It’s Memorial Day for Morons.
April 26 was originally proposed as a day of remembrance by a Mrs. Charles Williams of Columbus, Georgia, who wrote a letter in 1866 that appeared in newspapers across the South asking women to pay tribute to the men who died on behalf of the Lost Cause. “We beg the assistance of the press and the ladies throughout the South,” Williams wrote, “to aid us in the effort to set apart a certain day to be observed from the Potomac to the Rio Grande, and to be handed down through time as a religious custom of the South, to wreathe the graves of our martyred dead with flowers, and we propose the 26th day of April as the day.”
Now it’s all about the dolla dolla bills, y’all:
[Col. Rusty Henderson of the Georgia Civil War Commission] said the state has so much to offer to bring in tourists interested in the Civil War History that it can’t ignore the opportunity to help further economic development in the state.
“We’re working with the economic and tourism authority to come up with an overall marketing plan for the state,” said Henderson.
This year has so far been a year of celebration for those interested in the state’s history and participation in the Civil War as January 19 was also celebrated the 200th birthday of General Robert E. Lee.
“For Georgia it’s a very good opportunity to promote tourism and history in the state,” said Henderson at the time of the Robert E. Lee Birthday celebration.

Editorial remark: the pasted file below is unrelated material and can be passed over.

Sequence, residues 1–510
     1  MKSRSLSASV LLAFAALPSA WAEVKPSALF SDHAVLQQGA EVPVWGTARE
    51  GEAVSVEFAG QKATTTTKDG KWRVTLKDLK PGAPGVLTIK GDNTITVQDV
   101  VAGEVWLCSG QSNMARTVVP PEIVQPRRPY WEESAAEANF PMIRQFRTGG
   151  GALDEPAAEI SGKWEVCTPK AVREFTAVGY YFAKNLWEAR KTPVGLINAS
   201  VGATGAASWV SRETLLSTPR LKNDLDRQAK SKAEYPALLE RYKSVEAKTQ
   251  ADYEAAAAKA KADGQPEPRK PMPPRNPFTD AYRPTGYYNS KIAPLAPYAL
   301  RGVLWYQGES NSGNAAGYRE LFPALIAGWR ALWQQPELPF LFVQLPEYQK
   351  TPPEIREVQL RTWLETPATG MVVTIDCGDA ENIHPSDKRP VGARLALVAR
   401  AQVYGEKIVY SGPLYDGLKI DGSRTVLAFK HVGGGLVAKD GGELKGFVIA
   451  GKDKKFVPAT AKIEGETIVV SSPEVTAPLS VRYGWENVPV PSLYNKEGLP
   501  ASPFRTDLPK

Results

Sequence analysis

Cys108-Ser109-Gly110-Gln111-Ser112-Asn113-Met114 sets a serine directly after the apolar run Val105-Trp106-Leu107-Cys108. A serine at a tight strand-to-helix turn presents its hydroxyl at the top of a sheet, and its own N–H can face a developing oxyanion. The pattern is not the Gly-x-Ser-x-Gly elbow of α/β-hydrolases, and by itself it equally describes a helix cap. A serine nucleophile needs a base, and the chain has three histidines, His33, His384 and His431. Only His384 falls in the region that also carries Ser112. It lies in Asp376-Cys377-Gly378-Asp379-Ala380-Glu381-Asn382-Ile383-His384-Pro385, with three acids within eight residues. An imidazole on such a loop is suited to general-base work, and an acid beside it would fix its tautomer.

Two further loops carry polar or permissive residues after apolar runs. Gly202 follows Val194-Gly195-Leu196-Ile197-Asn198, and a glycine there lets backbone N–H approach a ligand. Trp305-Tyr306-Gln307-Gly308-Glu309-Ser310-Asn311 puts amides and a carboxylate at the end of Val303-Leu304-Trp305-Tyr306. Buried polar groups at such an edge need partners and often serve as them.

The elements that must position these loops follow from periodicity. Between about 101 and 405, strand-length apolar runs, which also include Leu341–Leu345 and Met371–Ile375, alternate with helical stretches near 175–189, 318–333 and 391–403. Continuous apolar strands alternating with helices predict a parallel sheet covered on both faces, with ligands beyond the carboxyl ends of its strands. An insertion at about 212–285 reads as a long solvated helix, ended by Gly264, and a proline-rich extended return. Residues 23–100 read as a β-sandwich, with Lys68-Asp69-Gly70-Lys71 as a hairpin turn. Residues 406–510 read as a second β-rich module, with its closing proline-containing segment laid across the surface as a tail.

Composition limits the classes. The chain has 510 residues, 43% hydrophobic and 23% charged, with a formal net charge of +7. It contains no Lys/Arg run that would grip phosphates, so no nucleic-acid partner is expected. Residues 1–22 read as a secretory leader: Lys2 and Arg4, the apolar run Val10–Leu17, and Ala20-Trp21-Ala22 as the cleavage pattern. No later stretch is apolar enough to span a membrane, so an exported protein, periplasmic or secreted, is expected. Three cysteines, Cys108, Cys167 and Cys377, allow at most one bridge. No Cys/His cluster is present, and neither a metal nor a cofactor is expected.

But, the state tourism authority is not only interested in drawing tourists to the state to see the Civil War historical sites, Henderson said hopes are to draw tourists to all the heritage-related sites of the state. He said the planned Civil War Trail map and travel book that will start at the Chickamaugua Trail will branch out across the state to include all the Civil War sites. There will also be opportunities once in an area to have all the other local tourism sites of the area advertised such as the Tubman Museum, the island that is still mainly habited by those of the Gullah Culture, the Native American “Indian” mounds and village sites and any other tourist attractions of the state. Henderson said there will be a web site that also gives information of the tourist attractions of the state.
“They’ll not only see the Civil War history, but all the other history,” he said. “This is just a selling idea to get them in.”
He said across the world Georgia is most famous for its “Gone With The Wind”-type history and even people who come to the states from other counties want to come to Georgia to see “Tara.” The Civil War Trail will also include a map to visit some of the old plantation homes of the state that are still in existence.
Here’s a tip to my fellow Southerners. To paraphrase James Baldwin — who observed that “if you think you’re white, there’s no hope for you” — if you’re using Gone With the Wind and the word “history” in the same sentence, there’s no hope for you.